In the doom and gloom of a global pandemic where a heartless novel virus has taken the lives of at least 350,000 people, it’s hard to imagine any silver linings. However, lately I’ve been hearing the expression more than a few times. So, this column is the playbook for coronavirus silver linings.
The most likely origin of the phrase is “Comus,” a 1634 work by English poet John Milton: “Was I deceiv’d, or did a sable cloud/Turn forth her silver lining on the night?” Imagine that saying having the same meaning 386 years later.
The silver lining I’ve heard most frequently in this time of quarantine and isolation is the home project productivity. Long languishing projects have been completed. New project ideas have been hatched and carried to fruition. Our farrier commented that he has gotten caught up on more lingering projects this spring than in all the past five years. On any acreage, there are more than a few projects awaiting at any given time, so knocking some of them off feels very good.
Gardening has become a homebound activity of choice. “I finally have the garden that I’ve wanted for many years,” exclaimed a friend. There’s something very grounding about connecting with the good earth, feeling and smelling the soil while placing seeds and seedlings into a finely worked tilth. Watching life emerge when little green heads find their way to the sun is rewarding with the promise of homegrown produce on the horizon.
In one Mazama neighborhood, an innovative chain saw artist created an inviting fire pit complete with benches hewn from downed logs. Across the road, three young family members took the chain saw art up a notch and built a tiki bar out of pine logs. Without an opportunity to belly-up to a bar in the near future, “Let’s build one,” they mused.
Perhaps the most meaningful silver lining has been the slowing down of life to a pace where the reflection of important things has been brought to the fore. Parents (when not frustrated with trying to be a surrogate teacher) have found time spent with their children to be invaluable. When not another Netflix movie can be watched, some “old-fashioned” activities have been resurrected — such as playing a board game, putting together a puzzle, or bringing out the old croquet set.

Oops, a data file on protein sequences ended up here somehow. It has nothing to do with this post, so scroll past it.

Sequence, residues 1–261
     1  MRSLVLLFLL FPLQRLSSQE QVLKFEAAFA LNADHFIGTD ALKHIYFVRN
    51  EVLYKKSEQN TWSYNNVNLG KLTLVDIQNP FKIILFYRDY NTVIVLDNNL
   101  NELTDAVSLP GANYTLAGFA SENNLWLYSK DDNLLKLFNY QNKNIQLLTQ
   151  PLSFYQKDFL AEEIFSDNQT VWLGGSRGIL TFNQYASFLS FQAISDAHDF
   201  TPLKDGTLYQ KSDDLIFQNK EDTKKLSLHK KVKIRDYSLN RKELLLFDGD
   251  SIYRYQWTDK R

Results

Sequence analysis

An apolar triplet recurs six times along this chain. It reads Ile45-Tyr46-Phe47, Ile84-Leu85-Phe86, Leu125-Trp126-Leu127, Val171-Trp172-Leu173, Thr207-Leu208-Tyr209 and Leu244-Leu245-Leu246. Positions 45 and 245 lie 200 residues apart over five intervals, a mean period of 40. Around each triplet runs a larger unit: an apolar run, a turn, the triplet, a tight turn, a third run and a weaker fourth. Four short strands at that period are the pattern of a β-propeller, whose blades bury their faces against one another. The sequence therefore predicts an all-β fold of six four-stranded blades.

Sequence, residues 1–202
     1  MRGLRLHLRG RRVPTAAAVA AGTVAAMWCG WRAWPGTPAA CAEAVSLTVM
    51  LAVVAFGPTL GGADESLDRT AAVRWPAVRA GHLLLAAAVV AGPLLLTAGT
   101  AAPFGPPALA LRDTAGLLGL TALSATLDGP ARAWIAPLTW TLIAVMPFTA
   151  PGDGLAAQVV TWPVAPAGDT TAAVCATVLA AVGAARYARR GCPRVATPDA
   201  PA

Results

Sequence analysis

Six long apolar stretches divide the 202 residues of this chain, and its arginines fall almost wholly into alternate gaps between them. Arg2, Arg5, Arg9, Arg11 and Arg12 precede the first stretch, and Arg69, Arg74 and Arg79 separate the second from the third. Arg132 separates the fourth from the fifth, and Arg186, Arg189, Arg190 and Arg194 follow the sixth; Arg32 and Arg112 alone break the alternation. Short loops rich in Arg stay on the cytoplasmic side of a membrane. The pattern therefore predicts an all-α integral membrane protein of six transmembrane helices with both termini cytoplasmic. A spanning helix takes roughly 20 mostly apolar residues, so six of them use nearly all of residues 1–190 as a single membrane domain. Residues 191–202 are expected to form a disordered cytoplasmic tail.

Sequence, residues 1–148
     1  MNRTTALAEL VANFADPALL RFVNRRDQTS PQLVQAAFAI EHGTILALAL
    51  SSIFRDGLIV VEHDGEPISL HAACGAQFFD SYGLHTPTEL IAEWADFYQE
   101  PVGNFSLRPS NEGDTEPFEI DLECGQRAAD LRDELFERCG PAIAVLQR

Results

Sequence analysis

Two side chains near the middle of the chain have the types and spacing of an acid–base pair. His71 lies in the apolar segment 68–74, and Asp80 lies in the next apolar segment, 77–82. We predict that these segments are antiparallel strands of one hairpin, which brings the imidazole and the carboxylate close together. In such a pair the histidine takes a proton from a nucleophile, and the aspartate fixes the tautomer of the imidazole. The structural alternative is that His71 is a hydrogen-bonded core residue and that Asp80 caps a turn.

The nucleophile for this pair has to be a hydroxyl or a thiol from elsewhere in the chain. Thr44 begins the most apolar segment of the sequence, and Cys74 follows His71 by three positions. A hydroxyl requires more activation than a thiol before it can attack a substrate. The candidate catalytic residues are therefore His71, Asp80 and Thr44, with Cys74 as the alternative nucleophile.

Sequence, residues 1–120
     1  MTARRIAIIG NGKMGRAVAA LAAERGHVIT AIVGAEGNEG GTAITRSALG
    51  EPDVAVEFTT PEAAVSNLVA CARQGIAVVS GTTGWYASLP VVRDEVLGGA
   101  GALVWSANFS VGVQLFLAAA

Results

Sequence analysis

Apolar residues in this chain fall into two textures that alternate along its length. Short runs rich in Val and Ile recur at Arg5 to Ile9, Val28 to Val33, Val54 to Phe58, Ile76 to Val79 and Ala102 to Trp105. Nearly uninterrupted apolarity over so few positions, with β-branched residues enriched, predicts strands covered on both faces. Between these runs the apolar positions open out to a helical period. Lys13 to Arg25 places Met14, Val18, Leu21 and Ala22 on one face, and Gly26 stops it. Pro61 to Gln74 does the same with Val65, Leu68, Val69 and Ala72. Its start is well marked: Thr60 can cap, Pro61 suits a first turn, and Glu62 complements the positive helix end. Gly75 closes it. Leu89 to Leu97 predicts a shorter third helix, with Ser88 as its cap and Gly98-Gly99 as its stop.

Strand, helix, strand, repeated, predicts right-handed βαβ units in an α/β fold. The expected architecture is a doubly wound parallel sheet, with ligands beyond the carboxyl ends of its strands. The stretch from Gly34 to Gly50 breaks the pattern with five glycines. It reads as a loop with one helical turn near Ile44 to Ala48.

Connecting with folks from the past has become a natural extension to contemplating life and its meaning. Getting reacquainted with high school, college, and work friends from days gone by has been gratifying and fun to relive old memories.
An Italian friend of the family described his life at home with wife, children, and working in the vineyard as “i ritmi di una volta” — the rhythms of the past. Usually, traveling the globe in his wine business, he has embraced this time as life used to be.
I have no doubt that there are many more silver linings out there to add to the playbook, if we just look for them.
Here’s one sort of off-topic. What do an office chair, a vintage GE blender, horse manure, 8-pound weights, a student desk, and a birthday cake have in common? Huh? They are all items that have been successfully re-homed through the platform of Methow Buy Sell Trade.
The birthday cake was a real find. Since my husband’s big seven-oh birthday party was reduced to Zoom, his children wanted a cake with candles to follow their singing of the birthday song. Not being a cake baker myself, I posted a request and received several names. Nicole Powell from Twisp whipped up a scrumptious chocolate layer cake just in time for the big day!